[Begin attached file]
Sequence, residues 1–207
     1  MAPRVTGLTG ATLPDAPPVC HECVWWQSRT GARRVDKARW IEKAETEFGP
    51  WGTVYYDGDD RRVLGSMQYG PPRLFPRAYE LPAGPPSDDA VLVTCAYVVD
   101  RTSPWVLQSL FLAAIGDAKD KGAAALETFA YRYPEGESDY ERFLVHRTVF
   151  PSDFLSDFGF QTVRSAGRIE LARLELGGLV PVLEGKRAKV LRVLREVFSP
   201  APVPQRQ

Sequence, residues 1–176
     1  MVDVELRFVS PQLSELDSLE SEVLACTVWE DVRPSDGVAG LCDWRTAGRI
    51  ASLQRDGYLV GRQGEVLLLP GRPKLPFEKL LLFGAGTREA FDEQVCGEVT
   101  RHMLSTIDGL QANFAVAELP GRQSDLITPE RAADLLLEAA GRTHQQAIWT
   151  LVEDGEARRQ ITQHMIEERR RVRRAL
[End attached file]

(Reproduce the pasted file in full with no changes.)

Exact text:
Sequence, residues 1–207
     1  MAPRVTGLTG ATLPDAPPVC HECVWWQSRT GARRVDKARW IEKAETEFGP
    51  WGTVYYDGDD RRVLGSMQYG PPRLFPRAYE LPAGPPSDDA VLVTCAYVVD
   101  RTSPWVLQSL FLAAIGDAKD KGAAALETFA YRYPEGESDY ERFLVHRTVF
   151  PSDFLSDFGF QTVRSAGRIE LARLELGGLV PVLEGKRAKV LRVLREVFSP
   201  APVPQRQ

Sequence, residues 1–176
     1  MVDVELRFVS PQLSELDSLE SEVLACTVWE DVRPSDGVAG LCDWRTAGRI
    51  ASLQRDGYLV GRQGEVLLLP GRPKLPFEKL LLFGAGTREA FDEQVCGEVT
   101  RHMLSTIDGL QANFAVAELP GRQSDLITPE RAADLLLEAA GRTHQQAIWT
   151  LVEDGEARRQ ITQHMIEERR RVRRAL